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Business | Real Estate

Warner Estate Gets First Touch-Ups by Bezos

“I was absolutely astonished by the beauty of this project and the property, and I know it will be maintained in a fashion that it deserves to be maintained,” said Commissioner Peter Ostroff .

BY Samuel Braslow April 1, 2022
Warner Estate Gets First  Touch-Ups by Bezos
An Amazon delivery worker drops off packages at the Warner Estate, the Beverly Hills home of Amazon CEO and founder Jeff Bezos. Photo by Samuel Braslow

One of the largest properties in Beverly Hills will be getting a bit larger after the Planning Commission voted on March 24 to approve permits for the Jack L. Warner Estate, the Beverly Hills domicile of Amazon CEO and founder Jeff Bezos. The commission also recommended that the City Council adopt a new Safety Element for the first time since 2010.

The Warner Estate, named for its first and principal occupant, Warner Bros. co-founder and film impresario Jack L. Warner, currently consists of a two-story residence, a two-story guest house, a two story gym and staff house, a pool house, a swimming pool and a tennis court. The recently approved permits allow for construction of a new pool house, a retaining wall, and the conversion of a crawl space to a powder room.

“I was absolutely astonished by the beauty of this project and the property, and I know it will be maintained in a fashion that it deserves to be maintained,” said Commissioner Peter Ostroff .

Warner first developed the property at 1801 Angelo Drive in 1927. Nearly 10 years later, his second wife Ann Page tore down the original Spanish Colonial Revival manse Warner had built and commissioned a twostory Neoclassical structure with elements of Regency Revival Style from Beverly Hills Master Architect Roland E. Coate, Sr., who also designed All Saints Episcopal Church on Camden Drive.

The massive 9.7-acre property sits along the western border of the city on the north side of Angelo Drive, west of Benedict Canyon Drive. Warner started with just 3 acres in 1927, piecing together surrounding land over the years—a trend seemingly continued by Bezos, who purchased an adjacent property in July 2021 for $10 million.

Warner died in 1978 and Ann continued to live there until her own death in 1990. That same year, music mogul David Geffen purchased the home for $47.5 million, a record at the time, and then embarked on an extensive series of renovations and major alterations to the estate. Bezos, the latest power player to call 1801 Angelo home, shelled over a whopping $165 million to Geffen in 2020, setting a watermark for highest real estate transaction in California at the time.

The property has come before the Planning Commission for permits twice before in 1995 and 2014 seeking to go beyond the 15,000 square feet allowed by-right in the city. It currently has a floor area of nearly 29,000 square feet. A 1985 survey identified the Warner Estate as a potential historic resource, subjecting it to protections by the state for the purpose of preserving historic buildings.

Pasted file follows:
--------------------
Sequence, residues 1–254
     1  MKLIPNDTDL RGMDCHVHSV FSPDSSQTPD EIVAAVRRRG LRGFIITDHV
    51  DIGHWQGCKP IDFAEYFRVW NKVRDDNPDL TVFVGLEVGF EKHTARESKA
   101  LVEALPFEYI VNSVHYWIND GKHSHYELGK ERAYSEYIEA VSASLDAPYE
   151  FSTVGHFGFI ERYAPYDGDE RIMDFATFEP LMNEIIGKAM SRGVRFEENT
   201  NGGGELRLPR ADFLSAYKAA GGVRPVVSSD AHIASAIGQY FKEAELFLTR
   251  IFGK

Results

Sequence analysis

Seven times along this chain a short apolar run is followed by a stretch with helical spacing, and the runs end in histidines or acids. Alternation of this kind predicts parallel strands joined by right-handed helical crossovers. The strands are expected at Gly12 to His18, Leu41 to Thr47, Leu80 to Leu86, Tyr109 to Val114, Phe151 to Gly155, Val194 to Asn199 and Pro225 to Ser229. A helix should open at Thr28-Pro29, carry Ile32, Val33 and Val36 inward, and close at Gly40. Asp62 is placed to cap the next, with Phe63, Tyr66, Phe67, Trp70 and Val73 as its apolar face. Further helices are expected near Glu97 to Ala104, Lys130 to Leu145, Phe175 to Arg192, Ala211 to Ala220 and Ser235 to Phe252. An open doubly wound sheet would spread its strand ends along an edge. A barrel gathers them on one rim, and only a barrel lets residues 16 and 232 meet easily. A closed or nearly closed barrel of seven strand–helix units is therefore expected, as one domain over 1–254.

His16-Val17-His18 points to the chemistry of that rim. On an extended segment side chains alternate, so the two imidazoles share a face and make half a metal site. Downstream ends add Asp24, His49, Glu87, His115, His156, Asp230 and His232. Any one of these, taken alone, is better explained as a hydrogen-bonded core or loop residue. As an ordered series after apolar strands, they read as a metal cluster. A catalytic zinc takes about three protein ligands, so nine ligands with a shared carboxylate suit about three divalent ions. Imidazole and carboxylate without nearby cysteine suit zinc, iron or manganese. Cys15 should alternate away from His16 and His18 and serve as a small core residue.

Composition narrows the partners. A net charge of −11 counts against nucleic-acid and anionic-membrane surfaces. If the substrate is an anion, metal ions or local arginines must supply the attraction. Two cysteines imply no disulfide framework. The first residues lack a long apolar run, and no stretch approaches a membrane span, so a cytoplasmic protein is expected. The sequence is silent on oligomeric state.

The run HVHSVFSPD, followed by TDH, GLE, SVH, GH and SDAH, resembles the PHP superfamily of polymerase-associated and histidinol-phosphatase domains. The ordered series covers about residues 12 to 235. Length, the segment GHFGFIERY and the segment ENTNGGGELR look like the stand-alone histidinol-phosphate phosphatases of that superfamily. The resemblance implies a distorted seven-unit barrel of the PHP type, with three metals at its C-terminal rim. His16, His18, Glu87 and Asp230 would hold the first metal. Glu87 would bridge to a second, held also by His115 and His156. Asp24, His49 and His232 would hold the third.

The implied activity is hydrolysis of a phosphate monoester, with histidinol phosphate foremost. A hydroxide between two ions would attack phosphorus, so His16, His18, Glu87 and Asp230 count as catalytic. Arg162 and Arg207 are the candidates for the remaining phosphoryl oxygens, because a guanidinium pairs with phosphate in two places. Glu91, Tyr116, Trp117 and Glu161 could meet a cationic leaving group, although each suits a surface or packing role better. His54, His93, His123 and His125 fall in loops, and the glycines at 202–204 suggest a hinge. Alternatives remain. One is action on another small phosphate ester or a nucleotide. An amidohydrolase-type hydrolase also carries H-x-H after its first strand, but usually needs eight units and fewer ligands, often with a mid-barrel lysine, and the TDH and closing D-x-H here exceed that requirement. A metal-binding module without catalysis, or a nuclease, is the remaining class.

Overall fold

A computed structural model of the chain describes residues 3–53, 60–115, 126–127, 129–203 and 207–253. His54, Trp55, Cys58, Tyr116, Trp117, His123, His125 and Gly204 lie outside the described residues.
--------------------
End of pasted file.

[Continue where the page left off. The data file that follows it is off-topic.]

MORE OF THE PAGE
The permits mark the first proposed changes to the property since Bezos moved in.  

Despite the large-scale changes made by Geffin, a report on the property determined that it “retains sufficient integrity to convey its historic association with Jack L. Warner, and the main residence retains sufficient integrity to convey its historic Neoclassical style architecture deigned by master architect Roland E. Coate.”

In his book “The Legendary Estates of Beverly Hills,” real estate agent Jeff Hyland opined about the residence, “No studio czar’s residence, before or since, has ever surpassed in size, grandeur, or sheer glamour the Jack Warner Estate on Angelo Drive in Benedict Canyon.”

The commission declined to allow construction parking along Angelo Drive, citing the ample space for parking on the property itself.

The commission next voted to recommend the City Council adopt the Safety Element, a state-mandated document that lays out plans and goals to keep the city and its residents safe in case of disaster. The Safety Element is a chapter of the city’s General Plan and is updated following updates to the city’s Housing Element. The city’s current Safety Element was adopted in 2010.

“As required by state law, this document has been updated to include information on topics such as climate change and hazards such as urban fires, floods and landslides,” said Associate City Planner Chloe Chen.

The Safety Element will next appear before the City Council for adoption at a later date. 

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